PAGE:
In 1981, Portuguese director Manoel de Oliveira filmed Visit, or Memories and Confessions, a last will and testament disguised as a kind of home movie. Oliveira, 73 years old at the time, had recently completed work on the 19th-century–set Francisca, an Agustina Bessa-Luís adaptation that in many ways represents the culmination of the director’s second phase after his initial break from full-time filmmaking during the Salazar regime—an era in which he was forced to dedicate his time to other vocational pursuits, namely in the arenas of architecture and agriculture. Perhaps sensing that his career was approaching its conclusion, Oliveira produced Visit, or Memories and Confessions with the express purpose of withholding it from public view until after his death. As is well documented, he would go on to live another 33 years and produce another 25 features; when he died this April, he effectively closed the circle on the greatest third act the cinema has ever seen.
Following a screening two weeks prior at the Cinemateca Portuguesa in Lisbon, Visit received its overdue unveiling at this year’s Cannes Film Festival. Shot in and around the home where Oliveira lived with his wife, Maria Isabel, for over four decades but which was soon to face foreclosure, the film takes the shape of a visual diary of the director’s life and loves, careers and conflicts. Framed by the arrival of two unseen visitors, the narrative proceeds like a guided tour through the house and histories of its inhabitants. We meet Oliveira sitting at his desk, typing what we later learn to be a prospectus for an evolving project concerning Portugal’s vast history of military misfortunes (he would complete and release the resulting film, entitled No, or the Vain Glory of Command, almost a decade later), and from there he escorts us, camera trailing, through a series of hallways and rooms holding a bounty of personal and professional ephemera. He describes photographs, points to heirlooms, and projects 16mm footage of his family and friends on the wall, narrating his experiences living and working and raising his children under authoritarian rule for much of his adulthood. “I love life but do not fear death,” he plainly states at one point, looking directly into the lens. This love, as well as this unquenchable spirit, is felt in every carefully composed frame Oliveira ever shot, and it’s what makes Visit, or Memories and Confessions less a forlorn farewell than an inspiring invitation to push valiantly onward, no matter what time or circumstance may otherwise dictate.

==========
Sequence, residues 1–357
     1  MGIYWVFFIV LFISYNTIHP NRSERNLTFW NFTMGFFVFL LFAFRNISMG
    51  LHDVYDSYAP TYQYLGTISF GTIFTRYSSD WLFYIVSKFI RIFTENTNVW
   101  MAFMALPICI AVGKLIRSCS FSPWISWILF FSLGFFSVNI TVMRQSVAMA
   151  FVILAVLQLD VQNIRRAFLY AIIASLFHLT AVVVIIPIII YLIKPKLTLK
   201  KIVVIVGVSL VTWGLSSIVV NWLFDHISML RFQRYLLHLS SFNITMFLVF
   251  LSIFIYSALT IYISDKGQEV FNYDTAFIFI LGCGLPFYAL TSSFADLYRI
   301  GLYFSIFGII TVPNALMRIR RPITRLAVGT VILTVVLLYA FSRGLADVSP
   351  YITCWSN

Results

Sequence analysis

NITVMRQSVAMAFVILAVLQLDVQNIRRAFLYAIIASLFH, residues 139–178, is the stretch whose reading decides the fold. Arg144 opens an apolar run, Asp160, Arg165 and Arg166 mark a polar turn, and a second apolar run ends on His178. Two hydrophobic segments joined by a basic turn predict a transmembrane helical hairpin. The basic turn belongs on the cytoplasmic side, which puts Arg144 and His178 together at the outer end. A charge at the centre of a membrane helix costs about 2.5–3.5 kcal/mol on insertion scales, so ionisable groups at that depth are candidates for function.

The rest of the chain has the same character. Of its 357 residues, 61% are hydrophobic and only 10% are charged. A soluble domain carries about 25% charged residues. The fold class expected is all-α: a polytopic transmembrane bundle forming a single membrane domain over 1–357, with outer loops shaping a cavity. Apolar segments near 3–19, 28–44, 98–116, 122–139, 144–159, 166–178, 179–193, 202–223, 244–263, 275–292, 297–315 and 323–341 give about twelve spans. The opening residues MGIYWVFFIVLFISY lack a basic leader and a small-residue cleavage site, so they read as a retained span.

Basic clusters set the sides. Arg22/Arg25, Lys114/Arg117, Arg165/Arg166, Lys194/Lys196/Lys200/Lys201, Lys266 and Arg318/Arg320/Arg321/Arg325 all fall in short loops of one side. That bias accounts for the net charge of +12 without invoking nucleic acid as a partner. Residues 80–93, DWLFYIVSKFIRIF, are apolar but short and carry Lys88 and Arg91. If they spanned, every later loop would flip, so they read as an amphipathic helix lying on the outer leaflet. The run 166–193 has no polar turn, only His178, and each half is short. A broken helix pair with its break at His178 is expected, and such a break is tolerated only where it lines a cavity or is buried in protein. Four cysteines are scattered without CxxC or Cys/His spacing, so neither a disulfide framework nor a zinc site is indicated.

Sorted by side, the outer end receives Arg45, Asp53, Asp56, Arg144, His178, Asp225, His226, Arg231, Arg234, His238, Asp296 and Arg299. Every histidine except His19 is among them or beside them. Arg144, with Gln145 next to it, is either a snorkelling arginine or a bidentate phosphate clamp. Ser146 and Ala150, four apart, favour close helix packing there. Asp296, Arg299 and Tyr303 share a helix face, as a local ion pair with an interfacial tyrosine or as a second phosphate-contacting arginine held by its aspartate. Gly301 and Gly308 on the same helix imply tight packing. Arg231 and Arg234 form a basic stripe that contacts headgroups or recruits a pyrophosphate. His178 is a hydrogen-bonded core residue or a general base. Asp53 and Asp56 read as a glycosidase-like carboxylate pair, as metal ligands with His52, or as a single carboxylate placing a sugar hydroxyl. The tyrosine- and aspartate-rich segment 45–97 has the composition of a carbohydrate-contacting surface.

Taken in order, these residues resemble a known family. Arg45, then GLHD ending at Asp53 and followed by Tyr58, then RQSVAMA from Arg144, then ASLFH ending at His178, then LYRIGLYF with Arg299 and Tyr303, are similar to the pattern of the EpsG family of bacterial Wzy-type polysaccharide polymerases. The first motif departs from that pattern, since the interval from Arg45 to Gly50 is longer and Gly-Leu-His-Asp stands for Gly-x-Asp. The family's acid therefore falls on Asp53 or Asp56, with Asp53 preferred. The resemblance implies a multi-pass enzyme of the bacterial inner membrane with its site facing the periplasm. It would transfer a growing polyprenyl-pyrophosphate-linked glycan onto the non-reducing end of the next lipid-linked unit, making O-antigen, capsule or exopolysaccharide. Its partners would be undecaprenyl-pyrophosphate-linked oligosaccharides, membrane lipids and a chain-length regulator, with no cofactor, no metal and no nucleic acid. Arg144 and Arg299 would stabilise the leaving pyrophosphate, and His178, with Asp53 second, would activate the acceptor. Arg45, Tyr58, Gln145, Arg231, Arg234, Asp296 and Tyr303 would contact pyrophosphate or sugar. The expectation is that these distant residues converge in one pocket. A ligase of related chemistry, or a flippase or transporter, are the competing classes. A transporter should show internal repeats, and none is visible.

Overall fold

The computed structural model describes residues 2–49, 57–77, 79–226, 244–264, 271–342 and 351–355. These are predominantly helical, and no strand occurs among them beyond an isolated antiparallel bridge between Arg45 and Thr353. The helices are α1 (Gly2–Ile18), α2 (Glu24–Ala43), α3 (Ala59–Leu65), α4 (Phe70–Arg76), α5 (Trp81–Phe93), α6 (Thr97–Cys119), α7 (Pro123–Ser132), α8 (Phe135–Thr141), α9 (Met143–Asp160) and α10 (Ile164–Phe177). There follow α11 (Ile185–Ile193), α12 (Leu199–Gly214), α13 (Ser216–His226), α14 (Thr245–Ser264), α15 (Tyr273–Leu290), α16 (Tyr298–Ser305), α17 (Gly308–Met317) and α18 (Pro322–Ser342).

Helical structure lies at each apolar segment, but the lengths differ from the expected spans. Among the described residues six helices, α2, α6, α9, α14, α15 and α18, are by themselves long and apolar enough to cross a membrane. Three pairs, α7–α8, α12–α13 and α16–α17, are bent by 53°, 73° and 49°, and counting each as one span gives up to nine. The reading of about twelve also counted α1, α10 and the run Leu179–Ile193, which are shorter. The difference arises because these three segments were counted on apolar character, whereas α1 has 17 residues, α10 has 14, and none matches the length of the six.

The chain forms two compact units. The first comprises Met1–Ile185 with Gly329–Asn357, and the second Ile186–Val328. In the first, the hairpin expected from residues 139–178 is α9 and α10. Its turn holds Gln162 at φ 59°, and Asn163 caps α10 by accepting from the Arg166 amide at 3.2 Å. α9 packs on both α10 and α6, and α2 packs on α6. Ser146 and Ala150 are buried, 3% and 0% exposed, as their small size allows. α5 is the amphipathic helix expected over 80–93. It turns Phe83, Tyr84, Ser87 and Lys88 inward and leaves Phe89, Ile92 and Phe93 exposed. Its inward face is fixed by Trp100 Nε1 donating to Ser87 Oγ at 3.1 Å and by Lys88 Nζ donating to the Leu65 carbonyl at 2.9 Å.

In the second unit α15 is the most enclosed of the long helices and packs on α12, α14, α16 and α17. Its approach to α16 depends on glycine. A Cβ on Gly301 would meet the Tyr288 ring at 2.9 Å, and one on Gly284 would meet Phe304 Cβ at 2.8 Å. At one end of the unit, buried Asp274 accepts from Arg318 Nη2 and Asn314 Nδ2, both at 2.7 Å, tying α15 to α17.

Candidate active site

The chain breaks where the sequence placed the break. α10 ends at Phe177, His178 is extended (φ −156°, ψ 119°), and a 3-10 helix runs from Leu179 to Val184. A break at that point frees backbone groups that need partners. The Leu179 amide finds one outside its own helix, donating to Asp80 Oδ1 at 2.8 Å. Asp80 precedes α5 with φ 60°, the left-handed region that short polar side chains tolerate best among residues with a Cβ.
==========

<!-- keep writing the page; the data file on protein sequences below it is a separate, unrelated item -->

The placement of Oliveira’s film in the Cannes Classics lineup was indicative of a festival whose rewards were spread far and wide throughout various strands and sidebars. Only one film, however, was itself dispersed, unveiled piecemeal over multiple days. Arabian Nights, a three-part, six-and-a-half hour magnum opus by Portuguese director Miguel Gomes, premiered over three alternating days in the Directors’ Fortnight, in effect blessing itself as the film of the festival by perpetuity alone. But any misgivings about its length or programming particulars are handily assuaged by the work itself, whose tripartite structure was not only preconceived by Gomes but is also reflected in the distinct narrative and stylistic discourse of each section. Not an adaptation, as its title may suggest, of the beloved Arabic folk tales, but rather a reflection on its themes and allegorical interests, the film takes as its subject the economic and cultural hardships that have recently plagued Portugal and places them into modern-day parables of vast tragicomic intrigue. If Tabu was Gomes’s elegant, melancholy reflection on colonialism, then Arabian Nights is its pointed inverse, dismantling contemporary sociopolitical ironies from the inside out.
The film’s three volumes—“The Restless One,” “The Desolate One,” and “The Enchanted One”—do not follow a prescribed narrative, instead functioning as mostly individual entities, although topics, and occasionally characters, reemerge in reference to prior episodes. Volume one, shot in a vérité fashion familiar to Gomes’s Our Beloved Month of August, engages most directly with nonfiction elements, beginning with a lengthy passage of narration atop images of modern-day Portugal, and ending with an extended sequence of interviews with the working-class citizens most affected by the politics of the time. Of course, Gomes’s humor asserts itself in the film’s more playful and surrealistic sequences, which riff on Scheherazade’s tales in brazen and bizarre fashion. In the first volume alone there are exploding whales, errant erections, and talking cockerels, while volumes two (the funniest and most fluidly structured) and three (the most emotional, mythical, and, finally, transcendent) involve prescient pooches, moving musical numbers, and a chorus of chaffinches. The entire film is essentially composed of a series of indulgences and digressions—some angry and some absurd, but all imaginatively composed and invigoratingly unconcerned with the boundaries of traditional storytelling. Nothing at Cannes could match its ambition.